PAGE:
This is not entirely true. Your methods are one-way method calls. So, when you call the service from your client, that call (or set of calls) is completed. In other words, the "message" has been delivered to the service and there is no expectation for a response since it is one-way. It might callback on the callback contract...it might not.
When you setup Duplex channel, you're standing up an endpoint for the service to call back on (client becomes a service essentially). If you close the client, then if/when the service decides to call back, the communication exception will occur. That's just the way this message exchange pattern works.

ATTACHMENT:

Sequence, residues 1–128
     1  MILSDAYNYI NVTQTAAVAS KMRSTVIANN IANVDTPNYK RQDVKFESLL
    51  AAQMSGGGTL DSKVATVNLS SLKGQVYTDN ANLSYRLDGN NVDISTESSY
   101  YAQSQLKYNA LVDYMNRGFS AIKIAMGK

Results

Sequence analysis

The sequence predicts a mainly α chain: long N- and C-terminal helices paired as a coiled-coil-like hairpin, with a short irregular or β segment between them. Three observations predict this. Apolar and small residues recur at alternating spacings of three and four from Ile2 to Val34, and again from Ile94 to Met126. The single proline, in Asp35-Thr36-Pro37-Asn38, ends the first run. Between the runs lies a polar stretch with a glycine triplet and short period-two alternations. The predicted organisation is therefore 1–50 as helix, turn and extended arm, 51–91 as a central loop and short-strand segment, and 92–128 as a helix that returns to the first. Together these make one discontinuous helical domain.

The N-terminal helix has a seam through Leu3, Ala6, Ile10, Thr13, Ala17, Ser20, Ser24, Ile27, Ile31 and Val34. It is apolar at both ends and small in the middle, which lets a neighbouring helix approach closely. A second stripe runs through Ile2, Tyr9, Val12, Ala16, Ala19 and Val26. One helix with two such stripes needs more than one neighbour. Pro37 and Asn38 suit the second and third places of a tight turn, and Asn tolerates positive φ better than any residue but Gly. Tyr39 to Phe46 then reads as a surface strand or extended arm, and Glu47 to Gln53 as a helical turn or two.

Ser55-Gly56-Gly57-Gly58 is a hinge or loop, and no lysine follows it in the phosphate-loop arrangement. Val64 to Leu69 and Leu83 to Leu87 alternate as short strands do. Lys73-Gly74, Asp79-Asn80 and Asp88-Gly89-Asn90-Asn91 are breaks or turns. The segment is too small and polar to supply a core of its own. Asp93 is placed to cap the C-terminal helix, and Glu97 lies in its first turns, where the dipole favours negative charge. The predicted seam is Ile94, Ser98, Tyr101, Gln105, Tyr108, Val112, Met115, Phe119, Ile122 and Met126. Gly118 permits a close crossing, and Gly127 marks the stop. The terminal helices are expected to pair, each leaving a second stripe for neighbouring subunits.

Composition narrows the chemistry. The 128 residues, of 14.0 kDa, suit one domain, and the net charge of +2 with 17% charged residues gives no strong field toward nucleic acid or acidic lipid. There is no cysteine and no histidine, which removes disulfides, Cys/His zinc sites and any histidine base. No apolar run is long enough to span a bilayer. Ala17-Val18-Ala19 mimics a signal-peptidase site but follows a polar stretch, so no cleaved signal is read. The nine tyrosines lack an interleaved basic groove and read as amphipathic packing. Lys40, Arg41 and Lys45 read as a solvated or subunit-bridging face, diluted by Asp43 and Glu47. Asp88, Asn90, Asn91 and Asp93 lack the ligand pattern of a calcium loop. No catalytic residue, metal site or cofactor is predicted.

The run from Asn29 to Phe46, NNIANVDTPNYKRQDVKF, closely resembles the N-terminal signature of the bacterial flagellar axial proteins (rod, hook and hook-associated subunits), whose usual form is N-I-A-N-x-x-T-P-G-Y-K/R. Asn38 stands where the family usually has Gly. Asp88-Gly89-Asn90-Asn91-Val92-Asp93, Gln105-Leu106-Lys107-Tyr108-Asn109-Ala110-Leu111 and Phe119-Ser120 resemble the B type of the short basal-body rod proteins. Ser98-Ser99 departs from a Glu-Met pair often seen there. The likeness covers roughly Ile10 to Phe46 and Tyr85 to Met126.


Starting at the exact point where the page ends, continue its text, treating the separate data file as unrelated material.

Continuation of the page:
You really sort of answered your own question. Which is, when you check the status it is either open, closed (or faulted). When you're using a duplex channel, open in this case means there is potentially "activity" on the channel. That's why the sleep is there - to allow the service time to call back. If you look at the SDK sample (http://msdn.microsoft.com/en-us/library/vstudio/ms752216(v=vs.110).aspx), it's basically doing the same thing except it sits there waiting for you to press ENTER before it closes the client application.
So, in a real application (not a console based sample like these are), either keep your client proxy active or change your message exchange pattern to a request/reply pattern.